Workmanlike, but not quite the Lincoln-Douglas debates... this was theme in three accounts of last night's Centennial Institute candidate forum. Kristen Wyatt of AP noted the rivals' sameness. Blogger Don Johnson was underwhelmed, while Ron Michel, his Arapahoe County neighbor, went further and expressed dismay. But the fact remains, as noted in this morning's Denver Post, that we scored a first as far as putting the four main GOP contenders on the stage together. This stands as a bookend with the "last" scored a week ago, when Josh Penry made his final campaign appearance opposite Scott McInnis and Dan Maes before quitting the race on Tuesday. Here's how Wyatt, Johnson, and Michel saw the Nov. 10 non-shootout shootout:
Colorado's GOP Senate hopefuls sound similar
Grand Junction Sentinel, Nov. 10
By Kristen Wyatt, Associated Press
LAKEWOOD, Colo. — Four Colorado Republicans running for the U.S. Senate did little to differentiate themselves in a forum where they agreed on every topic.
Talking before a friendly conservative crowd in Lakewood, the Republicans saved their barbs for Democrats in Washington. They didn't criticize each other, and none of them even mentioned Democratic Sen. Michael Bennet, who holds the seat they're after and is facing re-election next year.
Former lieutenant governor Jane Norton said Congress is spending too much. The sentiment was echoed by the other candidates: Weld County District Attorney Ken Buck, former state Sen. Tom Wiens and business Cleve Tidwell.
All said the key to Republican success next year was to seize on dissatisfaction with Washington.
Jane Norton, Ken Buck, Tom Wiens put on a good show
By Donald Johnson - BusinessWord.com
Colorado GOP candidates for the U.S. Senate put on a good show for some 240 supporters at Colorado Christian University in Lakewood Tuesday night.
Everybody was prepared. Nobody flubbed any lines, and they agreed that
Republicans have to return to their principles and be proud that they are Republicans.
All eyes were on Jane Norton, the former Lt. Governor under Governor Bill Owens. She performed flawlessly and had ready answers for the rather broad questions posed by a panel of three.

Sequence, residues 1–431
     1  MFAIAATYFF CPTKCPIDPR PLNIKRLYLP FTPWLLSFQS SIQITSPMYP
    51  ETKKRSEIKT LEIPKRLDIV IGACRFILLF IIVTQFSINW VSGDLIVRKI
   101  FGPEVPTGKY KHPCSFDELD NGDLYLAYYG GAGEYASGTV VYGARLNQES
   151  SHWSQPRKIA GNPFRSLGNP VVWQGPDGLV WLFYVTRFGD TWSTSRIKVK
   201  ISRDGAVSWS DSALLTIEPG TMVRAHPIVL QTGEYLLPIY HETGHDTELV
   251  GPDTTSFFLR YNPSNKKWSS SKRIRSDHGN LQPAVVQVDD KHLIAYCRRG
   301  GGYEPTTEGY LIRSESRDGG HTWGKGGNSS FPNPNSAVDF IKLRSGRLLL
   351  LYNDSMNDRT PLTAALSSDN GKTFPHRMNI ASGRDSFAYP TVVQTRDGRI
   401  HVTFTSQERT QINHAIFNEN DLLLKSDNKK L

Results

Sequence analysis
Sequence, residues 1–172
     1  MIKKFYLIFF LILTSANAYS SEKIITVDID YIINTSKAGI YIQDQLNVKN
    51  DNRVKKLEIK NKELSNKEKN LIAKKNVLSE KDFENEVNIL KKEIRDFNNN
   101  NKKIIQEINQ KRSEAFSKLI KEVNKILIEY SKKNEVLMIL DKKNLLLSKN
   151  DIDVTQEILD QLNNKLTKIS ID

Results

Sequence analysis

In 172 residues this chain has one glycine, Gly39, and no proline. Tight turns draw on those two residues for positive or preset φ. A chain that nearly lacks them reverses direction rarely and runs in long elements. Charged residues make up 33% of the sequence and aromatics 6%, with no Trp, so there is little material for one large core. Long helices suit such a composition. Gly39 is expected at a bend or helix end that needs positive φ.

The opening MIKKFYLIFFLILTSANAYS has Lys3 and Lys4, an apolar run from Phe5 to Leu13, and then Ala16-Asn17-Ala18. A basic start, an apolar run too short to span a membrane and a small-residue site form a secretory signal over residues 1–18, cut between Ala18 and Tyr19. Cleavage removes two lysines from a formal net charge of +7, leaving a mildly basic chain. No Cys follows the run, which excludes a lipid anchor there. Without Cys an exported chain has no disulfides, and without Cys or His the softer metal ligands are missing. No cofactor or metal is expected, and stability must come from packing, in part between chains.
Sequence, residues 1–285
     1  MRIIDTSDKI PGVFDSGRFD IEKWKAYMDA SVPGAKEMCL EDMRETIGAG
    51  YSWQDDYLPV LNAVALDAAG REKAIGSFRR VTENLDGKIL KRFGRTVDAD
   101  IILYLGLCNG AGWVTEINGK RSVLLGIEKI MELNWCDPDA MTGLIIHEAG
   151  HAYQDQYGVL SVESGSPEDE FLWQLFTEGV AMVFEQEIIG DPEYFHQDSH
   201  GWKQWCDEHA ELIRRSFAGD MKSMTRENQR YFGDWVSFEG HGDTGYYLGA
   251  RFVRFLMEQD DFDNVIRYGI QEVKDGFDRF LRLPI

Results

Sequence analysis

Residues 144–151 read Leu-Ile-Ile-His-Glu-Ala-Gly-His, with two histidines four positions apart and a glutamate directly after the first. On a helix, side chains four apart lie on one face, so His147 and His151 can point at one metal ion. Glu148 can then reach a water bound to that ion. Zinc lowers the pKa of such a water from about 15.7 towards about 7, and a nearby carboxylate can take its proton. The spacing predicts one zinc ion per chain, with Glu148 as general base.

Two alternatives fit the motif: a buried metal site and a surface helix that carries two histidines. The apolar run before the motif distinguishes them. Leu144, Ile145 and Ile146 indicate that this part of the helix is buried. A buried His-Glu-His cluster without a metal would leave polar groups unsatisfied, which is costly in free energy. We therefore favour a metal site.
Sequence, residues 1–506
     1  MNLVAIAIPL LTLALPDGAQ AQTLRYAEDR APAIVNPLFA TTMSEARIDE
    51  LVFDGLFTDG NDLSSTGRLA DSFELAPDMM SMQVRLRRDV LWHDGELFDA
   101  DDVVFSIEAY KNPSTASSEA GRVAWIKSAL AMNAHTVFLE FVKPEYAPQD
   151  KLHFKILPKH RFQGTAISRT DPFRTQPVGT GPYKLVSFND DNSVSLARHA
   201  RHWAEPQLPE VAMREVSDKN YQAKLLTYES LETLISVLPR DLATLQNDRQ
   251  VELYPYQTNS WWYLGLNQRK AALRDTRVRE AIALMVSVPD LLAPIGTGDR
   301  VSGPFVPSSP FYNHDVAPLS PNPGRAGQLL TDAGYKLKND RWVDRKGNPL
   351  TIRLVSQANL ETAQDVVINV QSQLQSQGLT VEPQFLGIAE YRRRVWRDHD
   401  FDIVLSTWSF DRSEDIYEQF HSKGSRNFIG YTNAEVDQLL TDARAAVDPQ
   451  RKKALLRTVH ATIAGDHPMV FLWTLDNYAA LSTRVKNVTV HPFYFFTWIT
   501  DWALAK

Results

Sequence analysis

Former state representative and senator Tom Wiens made his debut as a candidate and proved that he is a big league campaigner.
Weld County District Attorney Ken Buck showed his court room skills and his knowledge of some of the nitty gritty problems with Speaker Nancy Pelosi’s health spending bill HR 3962.
Retired businessman Cleve Tidwell demostrated his knowledge of domestic, world and energy economics, but he also showed he’s a political rookie. He didn’t make mistakes. He just didn’t sound as polished as the other candidates.
The candidates agreed that they don’t like the tax and spend frenzy that President Obama and Congressional Democrats are trying to impose on the country, and they don’t like the public option or much else about the health spending bill that the Democrats are trying to ram through Congress.
They also pretty much agreed that Obama must decide on his Afghanistan military strategy soon, and they believe the U.S. must stay in that country until regional stability is established and until Americans can leave the country in better shape than they found it in 2001.
The candidates weren’t asked about incumbent Sen. Michael Bennet, and no one mentioned him specifically. They’re all running against Washington, period.
Former Governor Bill Owens, former U.S. Senator Bill Armstrong and Colorado GOP chairman Dick Wadhams all attended the talent show and seemed pleased with what they saw and heard. Armstrong is president of CCU.
The forum was moderated by the former president of the state senate, John Andrews. He was the GOP’s gubernatorial candidate in 1990 and now works at CCU.
Yawn... Give'em all a C
By Ron Michel firstname.lastname@example.org
There is no reason to write a lengthy review of tonight's Senate Forum. What's there to say? Senator John Andrews did his masterful job of moderating and his CCU student team were as professional as ever. Full house --200 or so including a welcomed surprise, Governor Bill Owens.
If I were to grade the candidates, it would have to be a warm-milk C. All did OK; mistakes were not made. Overall, it was a big yawn, a me-too gathering of wanna-bees... about as exciting as watching reruns of Mr. Rogers. All very nice, polite people that would bore the most ardent politico.
I would say that Senator Wiens might have come across as most polished. Norton seemed to rely on all well-known political sayings and suck-up comments about "doing what's good for the good people of Colorado." That part wasn't good. It was another yawn.
Buck and Tidwell both had a few minor positive points that we all have read or said and seemed to be voiced more for applause than a rallying point. I blame the tight format and strict time limits more than anything.
What I saw and heard tonight made me nervous, not confident. If this is the best we have to offer, we're in trouble. There was no emotion, no energy, no anger, no passion, no guts, no Tancredo -type dramatics. Nothing that would make one jump up from their seat and shout out " your damn right... I'm with you. Lets go kick some Democrat [booty]."
Just a thought, but I would like to see some political venue come up with a better format that would allow the candidates to really express themselves. Less rules, less constrictions. I want these people to bare their souls, to scream out how they feel about our country and shout "I'm mad as hell and I'm not going to take it anymore." I want to feel their passion, their commitment and their emotional leadership that will be reflected in giant win for Republican come 2010.